On 20 December 2017, announcements from the PRA, the FCA, the Bank of England and the Treasury revealed a framework for approaching cross-border business in a post-Brexit world, with a particular focus on facilitating the business of EEA banks post-Brexit. Other firms affected by the day’s developments include insurers, designated investment firms and central clearing counterparties (CCPs).
The PRA’s position
An open letter from Sam Woods (link), the Deputy Governor of the PRA, sets out the regulator’s approach to EEA firms, who provide PRA-regulated activities, currently passporting into the UK through a branch. Generally, firms will need to apply to the PRA for branch authorisation, with the PRA encouraging engagement as soon as possible. The PRA will apply its current approach to third-country firm authorisation – requiring applicants to meet certain standard conditions (relating to e.g. capital, liquidity and business conduct) and will consider these in light of the firm’s home state regulatory environment, and the level of co-operation between its home regulator with the PRA. Firms which are more entrenched in the UK economy will be expected to measure up to higher standards in this respect.
PRA consultation paper CP 29/17 reveals a new approach to the UK branches of banks which are either systemically important to the UK economy or those serving retail customers. For systemically important banks, the PRA sets out new powers to apply tailored regulatory requirements where concerns remain about a bank’s supervisability. For banks providing significant retail services, the PRA will likely require an application for authorisation as a subsidiary rather than a branch.
The PRA also released consultation paper CP 30/17, modifying its position relating to whether international insurers providing services in the UK should seek authorisation as branches or subsidiaries. For insurers highly integrated into the UK financial system, the PRA has indicated it will expect the firm to incorporate. The PRA has expanded the criteria it will consider for such applications. If an insurer’s default would be likely to cost the ‘lifeboat’ fund, the Financial Services Compensation Scheme (FSCS), more than £200 million, the PRA will usually expect a subsidiary application. Such an application will also be expected if a branch could cause financial instability in the UK – and the PRA will consider numerous factors here, such as the insurer’s market share in a niche market or the level of connectivity to other stakeholders within the industry.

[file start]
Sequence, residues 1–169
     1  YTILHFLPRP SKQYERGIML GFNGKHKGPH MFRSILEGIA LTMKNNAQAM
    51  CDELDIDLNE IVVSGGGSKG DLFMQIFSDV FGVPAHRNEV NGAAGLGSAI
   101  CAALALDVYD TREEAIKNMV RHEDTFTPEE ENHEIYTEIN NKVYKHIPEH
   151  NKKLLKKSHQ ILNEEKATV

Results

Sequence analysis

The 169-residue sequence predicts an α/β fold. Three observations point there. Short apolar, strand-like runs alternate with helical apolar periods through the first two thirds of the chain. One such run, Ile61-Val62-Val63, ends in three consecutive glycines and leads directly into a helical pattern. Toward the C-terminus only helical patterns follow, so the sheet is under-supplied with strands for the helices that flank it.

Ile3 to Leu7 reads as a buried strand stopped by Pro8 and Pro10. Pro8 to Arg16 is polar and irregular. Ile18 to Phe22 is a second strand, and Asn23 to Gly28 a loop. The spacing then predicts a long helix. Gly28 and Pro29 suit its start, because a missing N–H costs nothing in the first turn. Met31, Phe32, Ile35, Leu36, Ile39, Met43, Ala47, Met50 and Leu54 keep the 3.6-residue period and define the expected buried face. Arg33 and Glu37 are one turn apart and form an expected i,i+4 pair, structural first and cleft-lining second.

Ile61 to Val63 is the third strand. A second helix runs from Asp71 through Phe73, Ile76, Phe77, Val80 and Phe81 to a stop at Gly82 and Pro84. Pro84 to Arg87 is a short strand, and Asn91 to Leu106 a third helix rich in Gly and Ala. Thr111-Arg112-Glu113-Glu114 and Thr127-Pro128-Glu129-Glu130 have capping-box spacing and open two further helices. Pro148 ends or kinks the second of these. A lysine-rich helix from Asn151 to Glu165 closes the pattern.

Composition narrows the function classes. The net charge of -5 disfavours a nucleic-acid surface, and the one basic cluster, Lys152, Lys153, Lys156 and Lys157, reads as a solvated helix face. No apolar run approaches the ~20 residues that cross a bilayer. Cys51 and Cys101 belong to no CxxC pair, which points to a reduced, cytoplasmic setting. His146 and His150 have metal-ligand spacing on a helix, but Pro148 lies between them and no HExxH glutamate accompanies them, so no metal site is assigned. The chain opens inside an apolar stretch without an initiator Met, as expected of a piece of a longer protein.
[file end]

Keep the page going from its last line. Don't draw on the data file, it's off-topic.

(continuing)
In a letter from Sir Jon Cunliffe (link), the Bank of England announced it has been granted new powers to recognise non-UK CCPs. Non-UK firms providing clearing services in the UK will need to apply for recognition. Although there is currently no UK domestic framework for CCPs, a translation of EU law in the European Markets Infrastructure Regulation into UK law is anticipated, with the hope of a smooth transition as a result.
The Government’s safety net
Providing further clarity and assurances, the FCA and the Treasury communicated an announcement from the Government, aiming to preserve continuity in the financial services sector in the event no transitional arrangements with the European Union are made. It stated the Government will bring forward legislation to:
- enable EEA firms and funds operating in the UK to obtain a temporary permission to continue their activities in the UK for a limited period after withdrawal; and
- ensure contractual obligations e.g. insurance contracts can continue to be met.
This provides a welcome indication that firms and funds will be able to undertake new business within the scope of their permission and perform their contractual obligations. It is hoped that such businesses will be able to manage their existing business with more certainty and mitigate the risks involved with a sudden loss of permission.
Although these announcements indicate the Government’s and regulators’ intentions to smooth the potential disruption in the financial services sector which Brexit represents, we would recommend affected firms take action straight away. The PRA has stressed that immediate communication is essential, with authorisation applications being considered early in the New Year. Crucially, at this stage, there is nothing in the announcements that would indicate that the transition from an EEA passported branch in the UK to a UK authorised branch will be any easier than setting up a new UK authorised branch for the first time.